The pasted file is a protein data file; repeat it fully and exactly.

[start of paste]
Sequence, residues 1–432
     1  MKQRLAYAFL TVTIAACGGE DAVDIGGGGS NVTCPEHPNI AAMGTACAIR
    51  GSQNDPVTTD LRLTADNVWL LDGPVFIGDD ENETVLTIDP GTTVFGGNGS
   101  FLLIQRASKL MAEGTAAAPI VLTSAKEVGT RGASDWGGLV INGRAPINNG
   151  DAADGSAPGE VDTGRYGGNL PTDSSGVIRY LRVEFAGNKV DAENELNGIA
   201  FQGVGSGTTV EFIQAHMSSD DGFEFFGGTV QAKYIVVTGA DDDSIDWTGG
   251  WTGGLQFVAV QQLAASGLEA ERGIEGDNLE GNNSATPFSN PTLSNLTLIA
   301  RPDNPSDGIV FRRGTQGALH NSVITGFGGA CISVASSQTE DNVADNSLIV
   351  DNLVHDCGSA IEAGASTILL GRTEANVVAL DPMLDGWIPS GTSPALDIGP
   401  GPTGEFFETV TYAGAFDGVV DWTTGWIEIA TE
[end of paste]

Sequence, residues 1–432
     1  MKQRLAYAFL TVTIAACGGE DAVDIGGGGS NVTCPEHPNI AAMGTACAIR
    51  GSQNDPVTTD LRLTADNVWL LDGPVFIGDD ENETVLTIDP GTTVFGGNGS
   101  FLLIQRASKL MAEGTAAAPI VLTSAKEVGT RGASDWGGLV INGRAPINNG
   151  DAADGSAPGE VDTGRYGGNL PTDSSGVIRY LRVEFAGNKV DAENELNGIA
   201  FQGVGSGTTV EFIQAHMSSD DGFEFFGGTV QAKYIVVTGA DDDSIDWTGG
   251  WTGGLQFVAV QQLAASGLEA ERGIEGDNLE GNNSATPFSN PTLSNLTLIA
   301  RPDNPSDGIV FRRGTQGALH NSVITGFGGA CISVASSQTE DNVADNSLIV
   351  DNLVHDCGSA IEAGASTILL GRTEANVVAL DPMLDGWIPS GTSPALDIGP
   401  GPTGEFFETV TYAGAFDGVV DWTTGWIEIA TE